The Spanish word mamacita is laden with sexual overtones. The figurative translation is "hot momma" — and the moniker is never used to describe a real mother. hide caption

The Spanish word mamacita is laden with sexual overtones. The figurative translation is "hot momma" — and the moniker is never used to describe a real mother.

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One of the very few things I don"t miss about my native Mexico City is fending off sleazy guys calling you sabrosa (tasty) or rica (delicious) or some other insult disguised as a compliment. It"s an unfortunate but everyday aspect of life in a machista country like Mexico.

Of course, women everywhere, are on the receiving end of catcalls but it happens less often in the U.S. than Mexico.

However, as my New York City neighborhood (Hamilton Heights) continues its transformation into "The Little Mexico of West Harlem," the unthinkable happened last summer.

"Mamacita!" yelled a young man -a fellow Mexican, I"m sure- as I walked by a local fruit stand.

Really? Mamacita? Right here? In Manhattan?

I was furious. I turned to my paisano and gave him the evil eye. "Excuse me? Are you talking to me? What did you say?"

Crestfallen, he walked away, quickly, with his tail between his legs.

If you grew up in Mexico City like I did, you know the word mamacita is laden with highly sexual overtones. The literal translation of mamacita is "little mother" but the figurative and more accurate translation is "hot momma." The moniker is never really used to describe an actual mother, a genuine mamá or mamita.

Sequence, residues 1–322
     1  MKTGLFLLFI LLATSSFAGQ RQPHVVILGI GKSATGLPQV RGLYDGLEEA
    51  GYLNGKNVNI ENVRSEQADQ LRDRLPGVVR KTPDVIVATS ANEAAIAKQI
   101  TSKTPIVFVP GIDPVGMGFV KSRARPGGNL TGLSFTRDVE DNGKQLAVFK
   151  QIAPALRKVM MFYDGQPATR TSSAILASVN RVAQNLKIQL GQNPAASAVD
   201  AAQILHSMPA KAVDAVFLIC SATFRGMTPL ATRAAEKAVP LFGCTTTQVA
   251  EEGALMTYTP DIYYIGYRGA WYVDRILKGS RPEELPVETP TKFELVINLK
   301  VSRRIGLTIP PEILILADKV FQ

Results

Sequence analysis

Instead, the word is inextricably linked to a man"s perception of a woman as an object of sexual desire. A man calls you mamacita because what he really wants is to get in bed with you and turn you into the mother of his children.

Even Mississippi State Sen. Chris McDaniel, who has been criticized for using the word mamacita on a radio show he used to host, understands the word can get you in hot water. On a clip from his old radio show, McDaniel wonders aloud, "What about mamacita? Mamacita works. You say that at the wrong place, the wrong time, you will get beat down."

As someone who doesn"t speak Spanish, what McDaniel doesn"t realize is that there isn"t ever really a good place or a right time to call a woman mamacita.

That is, unless the place is Spanish-language television and the right time is Saturday night. Sábado Gigante is the longest-running television show in U.S. history. The program is hosted by the septuagenarian Don Francisco and in May (on the occasion of Mother"s Day, perhaps?) featured a Miss Mamacita contest, a kind of beauty pageant featuring scantily-clad mothers competing for the mamacita crown.

The Miss Mamacita contest, which invites viewers to vote online for their favorite mamacita, is not to be confused with the Miss Colita competition of the same month, which looks to crown the best "Miss Booty"

Despite its frequent use, the official dictionary of the Royal Spanish Academy does not list mamacita. Interestingly, the closest word you will find is mamacona which apparently was a term used by ancient Incas to describe elderly virgins devoted to the service of sacred temples.

The official dictionary also lists mamita, but surprisingly the definition given is not the diminutive for mother (that is, a "little mother" or a "little mama" ). Instead, it defines mamita as a colloquial term for a timid person, a coward.

And coward is the perfect word to describe that sleazy paisano who called me mamacita.

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Laura Martínez is a senior editor of CNET en Español. She is also the founder of Mi blog es tu blog, a source of daily commentary on Hispanic marketing, media and pop culture.